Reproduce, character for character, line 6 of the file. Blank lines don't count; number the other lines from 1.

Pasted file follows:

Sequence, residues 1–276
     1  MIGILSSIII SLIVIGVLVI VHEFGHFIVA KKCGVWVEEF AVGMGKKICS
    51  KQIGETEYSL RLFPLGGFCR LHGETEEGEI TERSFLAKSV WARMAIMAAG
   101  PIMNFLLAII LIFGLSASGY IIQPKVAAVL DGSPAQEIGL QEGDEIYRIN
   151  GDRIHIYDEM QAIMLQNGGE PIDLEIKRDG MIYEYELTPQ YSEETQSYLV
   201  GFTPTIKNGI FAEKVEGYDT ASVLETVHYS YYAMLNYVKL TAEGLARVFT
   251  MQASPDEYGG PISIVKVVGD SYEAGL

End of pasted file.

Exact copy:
   201  GFTPTIKNGI FAEKVEGYDT ASVLETVHYS YYAMLNYVKL TAEGLARVFT